Scientists find earliest example of love in the animal kingdom

Scientists have discovered a 300-million-year-old lizard in Canada that proves the first instance of animal parental care in a bombshell scientific revelation. A primitive lizard that lived around 309 million years ago has been unearthed in Canada by scientists with its tail still tightly wrapped around its young. It is the earliest known example of parental love in the animal kingdom, giving scientists a crucial insight into the evolution of love. The fossilised remains include a juvenile positioned belly-up tucked up behind its mother’s hind limbs, snugly encircled by her tail. The family died suddenly in a swamp-like forest in Nova Scotia, where the adult had built a den to raise its young, according to experts. The new species, non-existent today, resembled that of the Monitor Lizard. It has been named Dendromaia unamakiensis, this after the Greek word for tree and caring mother.

Hillary Maddin, a palaeontologist at Carleton University in Ottawa, said that although the animals would have appeared lizard-like, they would have been closer to humans. This is because their specific synapsid lineage that evolved into mammals. The animals were discovered in a fossilised stump showing proposed parental care behaviour. It would have been a warmer climate than today. Other small reptiles were around, as well as some larger amphibian-like creatures. It probably fed on abundant insects and other small vertebrates.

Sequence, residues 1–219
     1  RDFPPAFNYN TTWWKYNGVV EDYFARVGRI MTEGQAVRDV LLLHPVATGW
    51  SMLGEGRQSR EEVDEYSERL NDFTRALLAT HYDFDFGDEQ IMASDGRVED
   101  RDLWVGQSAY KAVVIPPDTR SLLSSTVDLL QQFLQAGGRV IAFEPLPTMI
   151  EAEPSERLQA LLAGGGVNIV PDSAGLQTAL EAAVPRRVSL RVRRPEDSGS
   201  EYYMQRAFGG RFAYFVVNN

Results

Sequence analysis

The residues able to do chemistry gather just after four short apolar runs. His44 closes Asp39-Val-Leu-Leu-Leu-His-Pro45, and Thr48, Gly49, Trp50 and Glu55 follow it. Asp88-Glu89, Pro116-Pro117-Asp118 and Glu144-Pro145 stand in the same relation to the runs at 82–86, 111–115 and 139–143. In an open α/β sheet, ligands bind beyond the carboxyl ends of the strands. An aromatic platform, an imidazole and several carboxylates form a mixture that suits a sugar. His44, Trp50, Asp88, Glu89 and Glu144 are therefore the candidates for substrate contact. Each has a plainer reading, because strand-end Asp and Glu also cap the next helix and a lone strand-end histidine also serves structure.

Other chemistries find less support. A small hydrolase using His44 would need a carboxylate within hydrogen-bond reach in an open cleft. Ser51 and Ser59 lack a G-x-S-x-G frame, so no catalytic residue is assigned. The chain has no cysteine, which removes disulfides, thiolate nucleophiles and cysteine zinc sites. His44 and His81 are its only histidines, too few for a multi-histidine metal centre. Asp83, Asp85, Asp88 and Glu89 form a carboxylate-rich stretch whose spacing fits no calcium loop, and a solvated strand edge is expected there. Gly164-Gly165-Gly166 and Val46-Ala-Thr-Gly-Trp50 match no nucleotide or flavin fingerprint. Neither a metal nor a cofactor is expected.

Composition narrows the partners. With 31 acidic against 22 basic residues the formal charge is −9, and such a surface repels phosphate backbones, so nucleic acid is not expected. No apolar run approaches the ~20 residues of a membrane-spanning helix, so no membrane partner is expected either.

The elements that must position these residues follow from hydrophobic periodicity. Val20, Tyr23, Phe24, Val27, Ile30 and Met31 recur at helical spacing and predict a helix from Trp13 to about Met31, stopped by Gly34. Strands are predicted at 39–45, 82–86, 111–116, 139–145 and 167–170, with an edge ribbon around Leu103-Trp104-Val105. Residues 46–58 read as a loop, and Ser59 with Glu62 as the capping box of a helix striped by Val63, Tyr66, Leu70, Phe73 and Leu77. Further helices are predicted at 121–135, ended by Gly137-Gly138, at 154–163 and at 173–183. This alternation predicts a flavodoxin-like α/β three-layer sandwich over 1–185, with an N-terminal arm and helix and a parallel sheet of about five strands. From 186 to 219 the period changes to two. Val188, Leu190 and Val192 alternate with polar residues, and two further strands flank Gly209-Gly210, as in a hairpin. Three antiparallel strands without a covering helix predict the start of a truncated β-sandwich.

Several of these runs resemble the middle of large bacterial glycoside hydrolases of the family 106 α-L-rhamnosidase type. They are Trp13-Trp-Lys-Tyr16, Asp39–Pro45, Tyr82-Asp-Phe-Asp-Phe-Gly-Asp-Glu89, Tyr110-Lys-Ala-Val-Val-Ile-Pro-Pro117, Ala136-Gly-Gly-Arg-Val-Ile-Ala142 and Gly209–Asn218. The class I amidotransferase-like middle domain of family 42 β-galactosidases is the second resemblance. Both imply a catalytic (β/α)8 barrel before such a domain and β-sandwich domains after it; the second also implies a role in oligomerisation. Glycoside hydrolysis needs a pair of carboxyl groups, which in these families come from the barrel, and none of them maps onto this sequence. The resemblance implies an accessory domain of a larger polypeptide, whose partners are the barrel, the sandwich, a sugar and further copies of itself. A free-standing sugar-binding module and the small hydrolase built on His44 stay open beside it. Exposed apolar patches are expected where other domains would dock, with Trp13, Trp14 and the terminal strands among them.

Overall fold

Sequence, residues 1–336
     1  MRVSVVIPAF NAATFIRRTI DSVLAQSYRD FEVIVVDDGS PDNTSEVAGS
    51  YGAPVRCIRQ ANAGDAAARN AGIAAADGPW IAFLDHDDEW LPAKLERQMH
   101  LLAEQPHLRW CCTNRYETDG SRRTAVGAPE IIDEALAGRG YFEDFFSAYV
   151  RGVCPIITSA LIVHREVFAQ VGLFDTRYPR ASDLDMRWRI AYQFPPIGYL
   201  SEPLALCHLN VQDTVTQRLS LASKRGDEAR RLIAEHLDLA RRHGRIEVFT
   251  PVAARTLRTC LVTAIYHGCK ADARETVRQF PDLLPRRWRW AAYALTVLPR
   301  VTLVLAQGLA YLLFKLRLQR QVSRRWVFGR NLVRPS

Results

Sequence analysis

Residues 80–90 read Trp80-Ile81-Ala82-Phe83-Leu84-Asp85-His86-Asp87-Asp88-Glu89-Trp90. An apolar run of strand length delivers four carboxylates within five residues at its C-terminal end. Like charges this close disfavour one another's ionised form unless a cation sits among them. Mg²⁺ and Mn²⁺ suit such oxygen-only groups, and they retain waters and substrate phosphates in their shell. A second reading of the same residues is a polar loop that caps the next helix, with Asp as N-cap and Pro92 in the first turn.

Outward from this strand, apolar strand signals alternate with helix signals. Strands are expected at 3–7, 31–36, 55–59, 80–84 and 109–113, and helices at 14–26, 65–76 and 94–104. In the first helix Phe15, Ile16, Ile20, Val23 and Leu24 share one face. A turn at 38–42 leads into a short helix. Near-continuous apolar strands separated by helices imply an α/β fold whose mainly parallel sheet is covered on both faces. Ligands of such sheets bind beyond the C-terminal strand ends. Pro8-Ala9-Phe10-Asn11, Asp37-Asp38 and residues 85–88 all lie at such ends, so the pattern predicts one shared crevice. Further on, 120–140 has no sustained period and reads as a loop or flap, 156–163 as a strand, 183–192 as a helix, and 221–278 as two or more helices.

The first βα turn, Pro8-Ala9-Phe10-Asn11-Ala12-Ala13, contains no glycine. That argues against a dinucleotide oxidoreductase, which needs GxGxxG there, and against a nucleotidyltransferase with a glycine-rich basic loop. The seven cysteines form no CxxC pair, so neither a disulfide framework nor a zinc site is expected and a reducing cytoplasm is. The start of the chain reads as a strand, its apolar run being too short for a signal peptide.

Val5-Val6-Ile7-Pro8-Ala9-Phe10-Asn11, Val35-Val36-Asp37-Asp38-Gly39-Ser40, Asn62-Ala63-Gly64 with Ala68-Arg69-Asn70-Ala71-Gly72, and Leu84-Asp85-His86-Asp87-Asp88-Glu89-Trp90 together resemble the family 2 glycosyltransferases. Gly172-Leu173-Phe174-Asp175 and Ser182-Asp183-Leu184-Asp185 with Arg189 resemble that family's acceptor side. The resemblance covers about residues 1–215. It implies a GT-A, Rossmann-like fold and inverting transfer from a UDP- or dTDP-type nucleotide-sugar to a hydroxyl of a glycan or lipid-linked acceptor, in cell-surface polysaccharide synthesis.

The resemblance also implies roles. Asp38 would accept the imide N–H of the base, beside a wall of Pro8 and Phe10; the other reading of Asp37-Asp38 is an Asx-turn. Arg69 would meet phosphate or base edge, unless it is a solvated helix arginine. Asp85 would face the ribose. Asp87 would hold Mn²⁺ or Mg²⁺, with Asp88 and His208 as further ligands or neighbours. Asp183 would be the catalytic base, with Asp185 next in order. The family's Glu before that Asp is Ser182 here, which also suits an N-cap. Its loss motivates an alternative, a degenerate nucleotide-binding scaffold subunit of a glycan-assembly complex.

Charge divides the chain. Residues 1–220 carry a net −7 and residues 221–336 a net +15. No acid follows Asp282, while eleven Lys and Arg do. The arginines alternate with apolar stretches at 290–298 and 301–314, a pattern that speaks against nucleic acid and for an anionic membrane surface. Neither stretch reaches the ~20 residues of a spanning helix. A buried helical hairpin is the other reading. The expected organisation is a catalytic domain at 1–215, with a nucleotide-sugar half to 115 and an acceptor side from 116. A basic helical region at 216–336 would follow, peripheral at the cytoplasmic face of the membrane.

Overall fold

Now extinct, Dendromaia had long jaws, very sharp teeth, long tails, narrow bodies and thin legs. Due to this, they were extremely agile and scurried about the undergrowth feasting on insects and other small animals. The earliest synapsids look like bulky lizards but are in fact more closely related to us than the dinosaurs. They became the most dominant group before being wiped out 250million years ago when erupting volcanoes in Siberia caused the biggest extinction in history.

Dr Maddin said, the adult was probably about 8in [20cm] long from the snout to the base of its tail. The level of preservation in both individuals – including the delicate structures of small bones supporting the stomach muscles – indicate rapid burial with little or no transport. 

The animals, then, died together where they were found - though, the case is unknown.

Dr Maddin said, the location of the juvenile individual beneath the hind limb and encircled by the tail of the larger individual resembles a position that would be found among denning animals. The animals being the same species, the position of the adult and juvenile in a denning posture and the preservational context are consistent with two predictions of parental care prolonged offspring attendance and concealment.

This behaviour is common among many vertebrates today, including birds, reptiles, mammals, fish and amphibians. The former earliest example was of a 270-million-year-old fossil of the synapsid Heleosaurus scholtzi and its young, this being found in South Africa. Dendromaia, then, as described in Nature & Evolution, beats the record by nearly 40 million years.

Post a Comment